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The metabolic environment of the developing embryo: A multidisciplinary approach on oilseed rapeseed

Rolletschek, H., Mayer, S., Boughton, B.ORCID: 0000-0001-6342-9814, Wagner, S., Ortleb, S., Kiel, C., Roessner, U. and Borisjuk, L. (2021) The metabolic environment of the developing embryo: A multidisciplinary approach on oilseed rapeseed. Journal of Plant Physiology, 265 . Art. 153505.

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Free to read: https://doi.org/10.1016/j.jplph.2021.153505
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Abstract

Brassicaceae seeds consist of three genetically distinct structures: the embryo, endosperm and seed coat, all of which are involved in assimilate allocation during seed development. The complexity of their metabolic interrelations remains unresolved to date. In the present study, we apply state-of-the-art imaging and analytical approaches to assess the metabolic environment of the Brassica napus embryo. Nuclear magnetic resonance imaging (MRI) provided volumetric data on the living embryo and endosperm, revealing how the endosperm envelops the embryo, determining endosperm's priority in assimilate uptake from the seed coat during early development. MRI analysis showed higher levels of sugars in the peripheral endosperm facing the seed coat, but a lower sugar content within the central vacuole and the region surrounding the embryo. Feeding intact siliques with 13C-labeled sucrose allowed tracing of the post-phloem route of sucrose transfer within the seed at the heart stage of embryogenesis, by means of mass spectrometry imaging. Quantification of over 70 organic and inorganic compounds in the endosperm revealed shifts in their abundance over different stages of development, while sugars and potassium were the main determinants of osmolality throughout these stages. Our multidisciplinary approach allows access to the hidden aspects of endosperm metabolism, a task which remains unattainable for the small-seeded model plant Arabidopsis thaliana.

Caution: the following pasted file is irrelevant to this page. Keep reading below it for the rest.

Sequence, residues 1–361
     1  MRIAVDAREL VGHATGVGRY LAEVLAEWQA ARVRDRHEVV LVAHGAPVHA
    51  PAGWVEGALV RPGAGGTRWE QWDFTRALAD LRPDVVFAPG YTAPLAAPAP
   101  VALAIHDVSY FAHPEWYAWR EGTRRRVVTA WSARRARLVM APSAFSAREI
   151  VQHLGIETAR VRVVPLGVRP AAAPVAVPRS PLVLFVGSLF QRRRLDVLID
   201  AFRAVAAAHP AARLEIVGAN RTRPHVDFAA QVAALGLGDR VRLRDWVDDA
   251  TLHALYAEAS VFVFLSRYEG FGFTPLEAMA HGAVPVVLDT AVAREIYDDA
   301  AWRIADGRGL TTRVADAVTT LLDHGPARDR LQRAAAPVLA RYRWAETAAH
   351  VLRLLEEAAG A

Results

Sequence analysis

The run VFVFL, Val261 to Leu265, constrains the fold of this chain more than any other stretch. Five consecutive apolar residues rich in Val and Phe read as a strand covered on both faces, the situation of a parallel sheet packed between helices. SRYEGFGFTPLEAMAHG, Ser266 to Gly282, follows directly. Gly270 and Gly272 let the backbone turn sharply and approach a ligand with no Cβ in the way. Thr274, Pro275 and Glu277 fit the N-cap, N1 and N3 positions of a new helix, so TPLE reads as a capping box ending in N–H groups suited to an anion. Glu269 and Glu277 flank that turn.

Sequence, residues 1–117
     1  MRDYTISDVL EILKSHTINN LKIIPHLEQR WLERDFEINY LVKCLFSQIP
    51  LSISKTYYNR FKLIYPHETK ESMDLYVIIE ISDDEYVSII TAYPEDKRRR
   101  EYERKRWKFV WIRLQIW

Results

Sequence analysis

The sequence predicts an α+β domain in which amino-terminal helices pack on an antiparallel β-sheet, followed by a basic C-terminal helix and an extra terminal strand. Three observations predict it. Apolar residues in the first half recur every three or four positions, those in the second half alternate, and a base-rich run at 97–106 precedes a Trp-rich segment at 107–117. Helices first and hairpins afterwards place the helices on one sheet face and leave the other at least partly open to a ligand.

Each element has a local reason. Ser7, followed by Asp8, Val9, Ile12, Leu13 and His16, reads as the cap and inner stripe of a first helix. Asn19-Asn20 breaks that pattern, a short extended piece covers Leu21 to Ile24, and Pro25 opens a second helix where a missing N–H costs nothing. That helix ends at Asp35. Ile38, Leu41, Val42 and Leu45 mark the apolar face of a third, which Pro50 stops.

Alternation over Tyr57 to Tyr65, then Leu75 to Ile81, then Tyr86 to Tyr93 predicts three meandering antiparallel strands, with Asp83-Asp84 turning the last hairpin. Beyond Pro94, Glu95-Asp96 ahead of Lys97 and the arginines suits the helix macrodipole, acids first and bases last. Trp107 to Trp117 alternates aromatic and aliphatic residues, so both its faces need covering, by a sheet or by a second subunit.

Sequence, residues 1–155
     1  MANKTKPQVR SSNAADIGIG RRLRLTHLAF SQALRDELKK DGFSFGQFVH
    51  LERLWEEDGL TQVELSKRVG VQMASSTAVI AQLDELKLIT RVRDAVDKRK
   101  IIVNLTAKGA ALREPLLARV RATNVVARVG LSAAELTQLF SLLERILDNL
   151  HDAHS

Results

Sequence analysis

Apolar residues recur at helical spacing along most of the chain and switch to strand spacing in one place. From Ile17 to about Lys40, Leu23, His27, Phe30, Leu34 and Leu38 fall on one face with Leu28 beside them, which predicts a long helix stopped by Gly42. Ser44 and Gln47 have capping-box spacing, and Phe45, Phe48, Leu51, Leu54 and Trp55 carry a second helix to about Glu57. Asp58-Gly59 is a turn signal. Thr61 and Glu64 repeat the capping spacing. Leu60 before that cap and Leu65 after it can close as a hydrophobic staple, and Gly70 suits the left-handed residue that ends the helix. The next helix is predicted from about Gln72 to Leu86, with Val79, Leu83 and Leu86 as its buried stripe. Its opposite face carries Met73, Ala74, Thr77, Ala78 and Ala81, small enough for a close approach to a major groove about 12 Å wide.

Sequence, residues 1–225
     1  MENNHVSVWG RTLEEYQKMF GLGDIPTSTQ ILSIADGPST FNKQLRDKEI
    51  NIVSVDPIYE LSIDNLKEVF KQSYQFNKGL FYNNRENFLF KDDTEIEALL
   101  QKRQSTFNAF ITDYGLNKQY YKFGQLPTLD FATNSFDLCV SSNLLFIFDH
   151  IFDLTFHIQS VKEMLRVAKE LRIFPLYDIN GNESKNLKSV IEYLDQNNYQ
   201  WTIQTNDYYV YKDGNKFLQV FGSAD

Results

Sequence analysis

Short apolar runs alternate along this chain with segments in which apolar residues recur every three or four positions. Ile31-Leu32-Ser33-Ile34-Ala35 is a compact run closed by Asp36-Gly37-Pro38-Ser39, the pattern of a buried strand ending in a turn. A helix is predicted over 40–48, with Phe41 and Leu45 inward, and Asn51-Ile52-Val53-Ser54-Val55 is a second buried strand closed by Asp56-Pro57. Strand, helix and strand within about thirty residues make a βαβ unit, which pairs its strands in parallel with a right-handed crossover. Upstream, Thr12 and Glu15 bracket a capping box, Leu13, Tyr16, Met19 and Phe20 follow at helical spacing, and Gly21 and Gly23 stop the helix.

Item Type: Journal Article
Murdoch Affiliation(s): Australian National Phenome Center
Publisher: Elsevier GmbH
Copyright: © 2021 The Author(s).
URI: http://researchrepository.murdoch.edu.au/id/eprint/62098
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